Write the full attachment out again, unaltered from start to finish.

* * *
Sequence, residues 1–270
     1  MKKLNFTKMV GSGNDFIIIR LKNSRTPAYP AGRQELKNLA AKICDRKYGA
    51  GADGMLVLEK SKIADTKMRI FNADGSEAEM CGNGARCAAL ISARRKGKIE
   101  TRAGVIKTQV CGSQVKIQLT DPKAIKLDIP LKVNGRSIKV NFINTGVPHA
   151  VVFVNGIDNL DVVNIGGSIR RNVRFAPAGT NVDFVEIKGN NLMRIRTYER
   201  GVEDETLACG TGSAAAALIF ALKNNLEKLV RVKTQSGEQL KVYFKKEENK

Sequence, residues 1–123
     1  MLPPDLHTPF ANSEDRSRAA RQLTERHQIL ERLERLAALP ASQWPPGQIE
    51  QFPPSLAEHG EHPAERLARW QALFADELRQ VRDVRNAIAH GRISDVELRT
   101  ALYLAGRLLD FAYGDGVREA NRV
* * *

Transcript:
Sequence, residues 1–270
     1  MKKLNFTKMV GSGNDFIIIR LKNSRTPAYP AGRQELKNLA AKICDRKYGA
    51  GADGMLVLEK SKIADTKMRI FNADGSEAEM CGNGARCAAL ISARRKGKIE
   101  TRAGVIKTQV CGSQVKIQLT DPKAIKLDIP LKVNGRSIKV NFINTGVPHA
   151  VVFVNGIDNL DVVNIGGSIR RNVRFAPAGT NVDFVEIKGN NLMRIRTYER
   201  GVEDETLACG TGSAAAALIF ALKNNLEKLV RVKTQSGEQL KVYFKKEENK

Sequence, residues 1–123
     1  MLPPDLHTPF ANSEDRSRAA RQLTERHQIL ERLERLAALP ASQWPPGQIE
    51  QFPPSLAEHG EHPAERLARW QALFADELRQ VRDVRNAIAH GRISDVELRT
   101  ALYLAGRLLD FAYGDGVREA NRV